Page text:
The Most Apocalyptic Photos From the West Coast Fires This Week

A Butte County firefighter douses flames at the Bear Fire in Oroville, California on September 9, 2020.
A Butte County firefighter douses flames at the Bear Fire in Oroville, California on September 9, 2020.
Photo: Josh Edelson / AFP (Getty Images)

The West Coast is burning, and it’s still not under control. There are now three states—California, Washington state and Oregon—battling raging wildfires, which have left a trail of destruction in their wake and, in some cases, have literally changed the color of the sky.

Hundreds of thousands of people have been forced to evacuate in these areas, and there have been at least 15 deaths so far, with that number unfortunately expected to rise in the coming days. The fires are being fueled by factors such as record-breaking heat waves, drought and, of course, climate change. Some West Coast leaders, in fact, have suggested that we shouldn’t use the term “wildfires” to describe the crises, but rather “climate fires.”

Sometimes you have to see things to believe them. That said, in case you needed another reason to take climate change seriously, here it is.

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1 Million Acres

1 Million Acres

Volunteer firefighter Jacob Ruthrock puts out embers from a fire in Gates, Oregon, on September 10, 2020
Volunteer firefighter Jacob Ruthrock puts out embers from a fire in Gates, Oregon, on September 10, 2020
Photo: Kathryn Elsesser / AFP (Getty Images)

In Oregon, Gov. Kate Brown said that wildfires in the state had consumed more than 1 million acres of land, according to the New York Times. Brown also revealed that as a result, the state had the worst air quality in the world.

“Almost anywhere in the state you can feel this right now,” she said.

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10% of Oregon Has Been Ordered to Evacuate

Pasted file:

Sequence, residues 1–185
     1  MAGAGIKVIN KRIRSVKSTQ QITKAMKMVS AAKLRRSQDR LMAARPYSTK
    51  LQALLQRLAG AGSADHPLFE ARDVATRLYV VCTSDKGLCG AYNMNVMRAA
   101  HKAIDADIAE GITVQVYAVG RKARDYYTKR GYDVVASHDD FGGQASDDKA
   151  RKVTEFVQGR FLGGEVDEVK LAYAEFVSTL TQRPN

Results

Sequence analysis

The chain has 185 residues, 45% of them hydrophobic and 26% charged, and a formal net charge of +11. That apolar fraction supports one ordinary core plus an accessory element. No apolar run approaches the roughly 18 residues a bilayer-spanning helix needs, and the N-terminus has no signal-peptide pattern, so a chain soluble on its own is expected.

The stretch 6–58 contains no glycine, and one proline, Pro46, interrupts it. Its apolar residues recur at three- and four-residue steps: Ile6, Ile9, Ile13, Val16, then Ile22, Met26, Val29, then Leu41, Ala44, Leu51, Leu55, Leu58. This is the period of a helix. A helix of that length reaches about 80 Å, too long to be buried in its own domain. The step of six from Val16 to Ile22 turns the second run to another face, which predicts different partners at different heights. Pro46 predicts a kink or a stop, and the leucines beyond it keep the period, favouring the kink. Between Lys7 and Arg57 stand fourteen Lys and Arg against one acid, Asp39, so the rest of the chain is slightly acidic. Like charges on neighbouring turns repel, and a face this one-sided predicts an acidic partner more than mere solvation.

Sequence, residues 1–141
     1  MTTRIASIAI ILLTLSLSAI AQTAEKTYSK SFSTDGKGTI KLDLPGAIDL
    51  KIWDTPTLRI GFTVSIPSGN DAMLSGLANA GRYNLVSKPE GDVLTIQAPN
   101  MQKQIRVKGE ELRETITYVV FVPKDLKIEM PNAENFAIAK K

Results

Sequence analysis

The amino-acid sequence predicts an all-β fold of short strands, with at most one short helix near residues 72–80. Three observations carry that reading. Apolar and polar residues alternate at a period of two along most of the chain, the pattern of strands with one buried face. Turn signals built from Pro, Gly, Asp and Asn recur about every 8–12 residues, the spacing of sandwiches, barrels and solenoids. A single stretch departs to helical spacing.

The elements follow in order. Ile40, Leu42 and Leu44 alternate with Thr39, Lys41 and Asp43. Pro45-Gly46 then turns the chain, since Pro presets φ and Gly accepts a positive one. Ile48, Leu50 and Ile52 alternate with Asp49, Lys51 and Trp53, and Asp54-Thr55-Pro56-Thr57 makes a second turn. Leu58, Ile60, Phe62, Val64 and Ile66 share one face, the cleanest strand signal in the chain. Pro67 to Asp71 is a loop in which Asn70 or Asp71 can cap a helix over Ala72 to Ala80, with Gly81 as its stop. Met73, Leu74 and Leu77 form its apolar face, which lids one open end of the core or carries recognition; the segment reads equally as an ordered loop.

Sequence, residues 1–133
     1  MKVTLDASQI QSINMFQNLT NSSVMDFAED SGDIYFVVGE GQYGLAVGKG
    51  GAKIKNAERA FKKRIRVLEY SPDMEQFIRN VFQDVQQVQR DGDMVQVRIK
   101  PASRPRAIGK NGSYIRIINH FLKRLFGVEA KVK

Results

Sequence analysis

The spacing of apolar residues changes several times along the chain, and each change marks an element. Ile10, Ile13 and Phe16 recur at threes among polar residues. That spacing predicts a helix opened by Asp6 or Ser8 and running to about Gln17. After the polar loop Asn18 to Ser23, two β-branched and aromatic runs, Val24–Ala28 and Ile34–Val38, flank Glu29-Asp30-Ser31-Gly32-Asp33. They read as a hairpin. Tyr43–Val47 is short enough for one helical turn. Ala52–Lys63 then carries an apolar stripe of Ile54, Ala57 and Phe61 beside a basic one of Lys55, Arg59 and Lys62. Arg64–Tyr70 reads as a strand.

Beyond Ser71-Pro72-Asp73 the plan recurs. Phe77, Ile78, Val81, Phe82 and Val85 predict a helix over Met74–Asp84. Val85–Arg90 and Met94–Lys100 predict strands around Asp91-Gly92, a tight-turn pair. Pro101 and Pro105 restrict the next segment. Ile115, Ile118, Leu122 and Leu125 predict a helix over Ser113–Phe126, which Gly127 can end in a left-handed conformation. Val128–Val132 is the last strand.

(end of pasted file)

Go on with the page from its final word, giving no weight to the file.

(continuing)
10% of Oregon Has Been Ordered to Evacuate

A charred vehicle is seen in the parking lot of the burned Oak Park Motel after the passage of the Santiam Fire in Gates, Oregon on September 10, 2020.
A charred vehicle is seen in the parking lot of the burned Oak Park Motel after the passage of the Santiam Fire in Gates, Oregon on September 10, 2020.
Photo: Kathryn Elsesser / AFP (Getty Images)

Roughly 10% of Oregon’s population has been told to evacuate because of the wildfires. In a news conference Friday, Gov. Brown said that dozens of people were unaccounted for. State emergency officials, per CNN, said that they were preparing for a “mass fatality incident.”

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Asking for Help Around the Country

Asking for Help Around the Country

In this aerial view from a drone, damaged homes are seen in a mobile home park that was destroyed by wildfires on September 11, 2020 in Ashland, Oregon.
In this aerial view from a drone, damaged homes are seen in a mobile home park that was destroyed by wildfires on September 11, 2020 in Ashland, Oregon.
Photo: David Ryder (Getty Images)

On Thursday, Andrew Phelps, director of the Oregon Office for Emergency Management, said that the intense number of fires had “tapped out” the state’s resources and that it was reaching out to other emergency management agencies across the country for help. Phelps praised Oregon’s firefighters and emergency management community in a statement.

“Their efforts, stamina and response are nothing short of heroic,” he said.

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Newsom Criticizes Trump’s Environmental Policies

Newsom Criticizes Trump’s Environmental Policies

Firefighters monitor the advance of the Bobcat Fire in the Angeles National Forest on September 10, 2020 north of Monrovia, California.
Firefighters monitor the advance of the Bobcat Fire in the Angeles National Forest on September 10, 2020 north of Monrovia, California.
Photo: David McNew (Getty Images)